This is the light as installed in an F9F Cougar on display at the National Museum of Naval Aviation in Pensacola. Note that a high nose angle results in the light shining through the red lens from the LSO's view point. The box looks like it might be installed upside down because the angle markings that were used for adjustment to show an amber light at the correct approach angle aren't visible and there is no hole on the bottom of the box for the screwdriver used to adjust the angle of the box (see the F3D approach light illustration above.)

Here is the F2H maintenance manual illustration showing the relationship of the lenses and single light bulb and the means of adjusting the approach light, which was Government Furnished Equipment provided to the airplane's manufacturer for installation, to the proper angle for the airplane that it was installed in:
This gadget had a limitation with respect to providing the LSO with an accurate assessment of the aircraft's speed/angle of attack, since other factors like height, distance from the ramp, changing pitch, etc. would affect what color the LSO saw. According to the Boeing XF8B-1 pilot's manual, the LSO would see yellow when the airplane was 100 feet astern, 25 feet above the deck, and 10-12 knots above stall speed.

When the Navy added an angle-of-attack gauge in the cockpit of jets beginning in the mid-1950s, the three-lens approach light was replaced with a three-light system that provided the LSO with an indication of the approaching airplane's angle of attack regardless of its position relative to the desired glide slope and trend to or from that angle. It is still in use today—day and night—and consists of three separate lights mounted on the nose gear strut, in the leading edge of the left wing, or in the nose (E-2).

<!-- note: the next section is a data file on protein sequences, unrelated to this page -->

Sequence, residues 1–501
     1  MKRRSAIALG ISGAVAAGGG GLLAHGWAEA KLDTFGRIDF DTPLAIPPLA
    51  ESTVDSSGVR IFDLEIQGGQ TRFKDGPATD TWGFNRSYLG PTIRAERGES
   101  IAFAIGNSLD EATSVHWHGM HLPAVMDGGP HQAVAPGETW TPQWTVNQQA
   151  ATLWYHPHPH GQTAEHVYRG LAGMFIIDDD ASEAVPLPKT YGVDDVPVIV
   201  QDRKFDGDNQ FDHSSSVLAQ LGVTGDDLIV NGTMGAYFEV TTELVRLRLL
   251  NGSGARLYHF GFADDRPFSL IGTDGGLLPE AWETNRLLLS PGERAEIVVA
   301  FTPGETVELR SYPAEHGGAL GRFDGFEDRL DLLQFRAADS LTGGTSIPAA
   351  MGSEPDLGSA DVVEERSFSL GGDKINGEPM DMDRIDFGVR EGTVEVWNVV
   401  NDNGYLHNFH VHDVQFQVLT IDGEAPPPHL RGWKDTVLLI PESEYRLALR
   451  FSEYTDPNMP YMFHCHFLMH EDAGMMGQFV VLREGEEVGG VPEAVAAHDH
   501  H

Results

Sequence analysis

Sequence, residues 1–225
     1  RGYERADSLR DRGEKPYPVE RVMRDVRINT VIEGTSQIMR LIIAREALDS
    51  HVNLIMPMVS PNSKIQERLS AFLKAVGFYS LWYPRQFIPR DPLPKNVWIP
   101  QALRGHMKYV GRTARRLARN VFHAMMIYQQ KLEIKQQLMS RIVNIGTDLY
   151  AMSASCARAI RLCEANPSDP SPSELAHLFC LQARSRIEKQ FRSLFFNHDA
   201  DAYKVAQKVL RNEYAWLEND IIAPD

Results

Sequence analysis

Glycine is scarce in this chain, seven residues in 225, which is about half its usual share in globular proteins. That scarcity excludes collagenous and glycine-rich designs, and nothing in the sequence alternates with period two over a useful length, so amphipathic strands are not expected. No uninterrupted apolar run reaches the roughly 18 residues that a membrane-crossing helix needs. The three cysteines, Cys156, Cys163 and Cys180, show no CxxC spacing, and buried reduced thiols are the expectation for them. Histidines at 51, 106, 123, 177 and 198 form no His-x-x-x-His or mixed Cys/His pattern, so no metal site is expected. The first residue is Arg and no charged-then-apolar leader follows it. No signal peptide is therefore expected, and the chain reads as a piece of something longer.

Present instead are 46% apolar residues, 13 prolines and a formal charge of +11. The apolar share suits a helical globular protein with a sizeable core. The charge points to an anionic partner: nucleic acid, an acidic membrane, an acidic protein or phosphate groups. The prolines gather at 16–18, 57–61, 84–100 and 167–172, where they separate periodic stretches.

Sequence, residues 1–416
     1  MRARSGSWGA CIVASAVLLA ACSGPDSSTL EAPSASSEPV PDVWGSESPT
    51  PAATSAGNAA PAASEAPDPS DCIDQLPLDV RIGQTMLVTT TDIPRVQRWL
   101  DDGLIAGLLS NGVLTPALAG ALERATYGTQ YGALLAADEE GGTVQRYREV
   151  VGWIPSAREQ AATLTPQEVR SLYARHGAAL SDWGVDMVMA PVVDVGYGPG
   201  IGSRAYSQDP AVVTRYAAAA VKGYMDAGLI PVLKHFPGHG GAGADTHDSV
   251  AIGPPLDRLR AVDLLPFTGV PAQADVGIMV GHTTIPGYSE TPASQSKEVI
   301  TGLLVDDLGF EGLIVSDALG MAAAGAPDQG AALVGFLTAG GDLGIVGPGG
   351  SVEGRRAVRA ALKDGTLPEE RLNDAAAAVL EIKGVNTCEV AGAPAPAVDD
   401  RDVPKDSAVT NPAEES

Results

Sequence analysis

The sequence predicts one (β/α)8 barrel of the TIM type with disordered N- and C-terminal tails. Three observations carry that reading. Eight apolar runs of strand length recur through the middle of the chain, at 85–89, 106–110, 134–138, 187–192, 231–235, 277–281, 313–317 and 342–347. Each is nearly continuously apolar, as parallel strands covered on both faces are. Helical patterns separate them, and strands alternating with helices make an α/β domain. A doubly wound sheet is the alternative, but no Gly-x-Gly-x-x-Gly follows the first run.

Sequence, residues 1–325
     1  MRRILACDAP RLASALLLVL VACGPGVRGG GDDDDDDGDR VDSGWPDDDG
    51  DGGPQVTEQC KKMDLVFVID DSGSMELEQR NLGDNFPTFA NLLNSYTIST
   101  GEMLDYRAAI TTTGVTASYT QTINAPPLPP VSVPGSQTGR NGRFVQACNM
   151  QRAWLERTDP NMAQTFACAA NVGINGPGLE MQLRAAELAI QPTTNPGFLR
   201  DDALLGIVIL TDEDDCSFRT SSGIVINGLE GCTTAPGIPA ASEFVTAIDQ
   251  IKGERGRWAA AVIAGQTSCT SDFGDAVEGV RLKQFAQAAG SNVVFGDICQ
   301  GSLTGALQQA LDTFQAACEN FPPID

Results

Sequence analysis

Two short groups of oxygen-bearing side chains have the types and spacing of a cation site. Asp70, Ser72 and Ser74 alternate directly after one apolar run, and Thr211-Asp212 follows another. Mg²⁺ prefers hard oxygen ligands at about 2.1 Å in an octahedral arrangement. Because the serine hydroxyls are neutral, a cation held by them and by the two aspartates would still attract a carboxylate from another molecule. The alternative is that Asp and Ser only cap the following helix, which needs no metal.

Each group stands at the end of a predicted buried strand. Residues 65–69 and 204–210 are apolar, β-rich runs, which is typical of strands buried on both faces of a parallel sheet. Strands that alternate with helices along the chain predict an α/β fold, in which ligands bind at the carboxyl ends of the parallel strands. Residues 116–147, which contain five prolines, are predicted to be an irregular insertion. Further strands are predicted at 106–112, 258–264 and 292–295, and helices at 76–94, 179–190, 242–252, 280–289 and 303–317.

For some reason, the meaning of the lights was reversed: now red indicated fast (low angle of attack) and green, slow (high angle of attack), with yellow being "on speed," or strictly speaking, at the desired angle of attack. My guess is that the convention was reversed roughly when the angled deck, descending approach, and angle of attack indication for jets were introduced, i.e. the early to mid 1950s. My thinking is that red for slow was important for the level approach at minimum speed to axial-deck carriers because of the risk of stall. Angle of attack indication and a descending approach somewhat minimized that risk; fast may therefore have then been more of a concern due to arresting system and aircraft hook loads at the higher approach speeds of jets as well as the fact that being fast on a fixed glide slope meant a higher sink rate, something to be avoided as well.